They are not going to be buying the best available security systems for the London Olympics, nor even the best value. There is a qualification hurdle for all potential suppliers to meet:
Giving an otherwise rather dull and predictable keynote speech at Infosecurity Europe about the IT security demands of running the London Olympics, Derek Wyatt MP has let it slip that UK Government hands are tied when it comes to security technology.(emphasis added)
Wyatt sound quite upbeat about the possibility of using the London ‘Oyster’ card, used for public transport travel, which could be upgraded fairly easily to incorporate biometric data and turned into a mini-ID card. He also sounded quite impressed with the idea of using the Nokia based authentication system for mobile phones. Upbeat and impressed, and then he dropped the bombshell, which I hope will not be a bad choice of words for the future, when he casually revealed that because neither of these companies was a ‘major sponsor’ of the Olympics their technology could not be used.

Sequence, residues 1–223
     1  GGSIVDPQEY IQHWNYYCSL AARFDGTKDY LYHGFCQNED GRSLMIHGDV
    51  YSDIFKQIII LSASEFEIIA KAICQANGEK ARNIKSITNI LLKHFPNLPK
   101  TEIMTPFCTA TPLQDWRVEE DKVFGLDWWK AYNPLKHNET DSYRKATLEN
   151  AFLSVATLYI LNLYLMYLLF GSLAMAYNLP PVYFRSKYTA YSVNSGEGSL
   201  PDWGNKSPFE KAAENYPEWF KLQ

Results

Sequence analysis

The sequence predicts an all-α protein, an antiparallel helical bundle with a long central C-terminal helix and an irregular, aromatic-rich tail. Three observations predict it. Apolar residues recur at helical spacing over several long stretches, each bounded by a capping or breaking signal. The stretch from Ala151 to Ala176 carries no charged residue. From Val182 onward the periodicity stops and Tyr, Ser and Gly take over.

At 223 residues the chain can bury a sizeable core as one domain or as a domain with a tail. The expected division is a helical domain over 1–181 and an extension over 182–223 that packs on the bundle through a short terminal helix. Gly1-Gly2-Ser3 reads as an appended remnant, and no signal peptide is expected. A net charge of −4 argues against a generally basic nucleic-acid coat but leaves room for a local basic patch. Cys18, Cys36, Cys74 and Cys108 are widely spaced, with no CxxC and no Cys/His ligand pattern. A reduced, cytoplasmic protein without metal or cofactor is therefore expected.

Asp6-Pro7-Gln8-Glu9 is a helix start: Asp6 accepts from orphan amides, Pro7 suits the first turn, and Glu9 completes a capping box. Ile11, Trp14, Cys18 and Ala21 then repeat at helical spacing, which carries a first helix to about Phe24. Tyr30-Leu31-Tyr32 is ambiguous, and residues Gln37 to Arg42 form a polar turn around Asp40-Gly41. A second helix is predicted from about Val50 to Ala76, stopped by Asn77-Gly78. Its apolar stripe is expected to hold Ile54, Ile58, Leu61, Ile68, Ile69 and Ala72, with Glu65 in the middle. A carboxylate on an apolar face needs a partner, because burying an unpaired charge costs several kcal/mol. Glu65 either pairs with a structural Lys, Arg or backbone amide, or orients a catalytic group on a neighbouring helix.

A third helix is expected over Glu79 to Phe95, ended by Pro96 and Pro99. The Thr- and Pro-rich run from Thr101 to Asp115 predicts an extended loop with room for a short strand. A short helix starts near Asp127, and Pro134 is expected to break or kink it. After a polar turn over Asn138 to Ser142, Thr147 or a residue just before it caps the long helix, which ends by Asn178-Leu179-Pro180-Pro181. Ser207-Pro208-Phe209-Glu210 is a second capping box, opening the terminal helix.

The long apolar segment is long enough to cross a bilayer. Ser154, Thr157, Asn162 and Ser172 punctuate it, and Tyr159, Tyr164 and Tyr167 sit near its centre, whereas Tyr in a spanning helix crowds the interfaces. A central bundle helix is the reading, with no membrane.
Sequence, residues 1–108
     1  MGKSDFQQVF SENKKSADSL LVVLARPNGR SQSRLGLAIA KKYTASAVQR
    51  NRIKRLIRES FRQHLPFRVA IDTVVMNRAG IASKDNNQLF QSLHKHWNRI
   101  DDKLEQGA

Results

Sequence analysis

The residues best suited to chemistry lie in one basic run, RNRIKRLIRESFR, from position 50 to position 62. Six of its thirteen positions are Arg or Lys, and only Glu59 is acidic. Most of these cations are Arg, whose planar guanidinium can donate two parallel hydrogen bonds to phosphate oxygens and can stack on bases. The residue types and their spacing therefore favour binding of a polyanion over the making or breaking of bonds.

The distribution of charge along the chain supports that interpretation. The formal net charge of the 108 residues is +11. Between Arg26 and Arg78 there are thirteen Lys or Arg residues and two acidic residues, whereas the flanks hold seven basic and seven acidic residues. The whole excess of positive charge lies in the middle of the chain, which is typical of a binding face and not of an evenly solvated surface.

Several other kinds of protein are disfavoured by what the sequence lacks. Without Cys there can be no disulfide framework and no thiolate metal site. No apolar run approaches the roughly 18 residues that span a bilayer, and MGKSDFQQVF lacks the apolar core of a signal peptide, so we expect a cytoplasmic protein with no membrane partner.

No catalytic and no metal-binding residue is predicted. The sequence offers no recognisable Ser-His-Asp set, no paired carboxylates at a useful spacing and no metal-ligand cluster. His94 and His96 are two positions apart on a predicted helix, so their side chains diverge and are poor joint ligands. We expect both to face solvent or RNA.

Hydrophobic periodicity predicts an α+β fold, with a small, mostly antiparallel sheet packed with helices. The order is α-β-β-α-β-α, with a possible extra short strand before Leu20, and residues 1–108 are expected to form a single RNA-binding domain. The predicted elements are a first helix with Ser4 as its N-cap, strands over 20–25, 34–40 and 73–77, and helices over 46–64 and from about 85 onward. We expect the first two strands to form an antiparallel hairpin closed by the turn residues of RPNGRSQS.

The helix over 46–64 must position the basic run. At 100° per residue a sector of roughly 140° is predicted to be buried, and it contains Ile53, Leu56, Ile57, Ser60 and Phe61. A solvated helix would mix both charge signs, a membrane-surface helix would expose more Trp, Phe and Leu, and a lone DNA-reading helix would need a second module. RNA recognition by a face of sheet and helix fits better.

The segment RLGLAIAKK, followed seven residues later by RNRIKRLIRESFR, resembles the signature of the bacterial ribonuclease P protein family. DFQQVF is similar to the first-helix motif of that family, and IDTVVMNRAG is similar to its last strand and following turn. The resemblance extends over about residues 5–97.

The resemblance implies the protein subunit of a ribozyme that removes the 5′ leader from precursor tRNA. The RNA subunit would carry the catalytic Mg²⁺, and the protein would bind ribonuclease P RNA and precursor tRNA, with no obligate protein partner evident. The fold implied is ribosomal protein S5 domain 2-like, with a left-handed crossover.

Yes, you read that right, as far as the technology behind the security of the London Olympic Games is concerned best of breed and suitability for purpose do not come into, paying a large amount of money to the International Olympic Committee does.
... he was speaking in his official capacity as Chairman of the All Party Parliamentary Olympic Group...
Quite apart from the obvious problems this could cause, with the best available technology unconsidered, there's a word for the sort of business deal where the supplier first has to make a payment, for one reason or another, to the customer.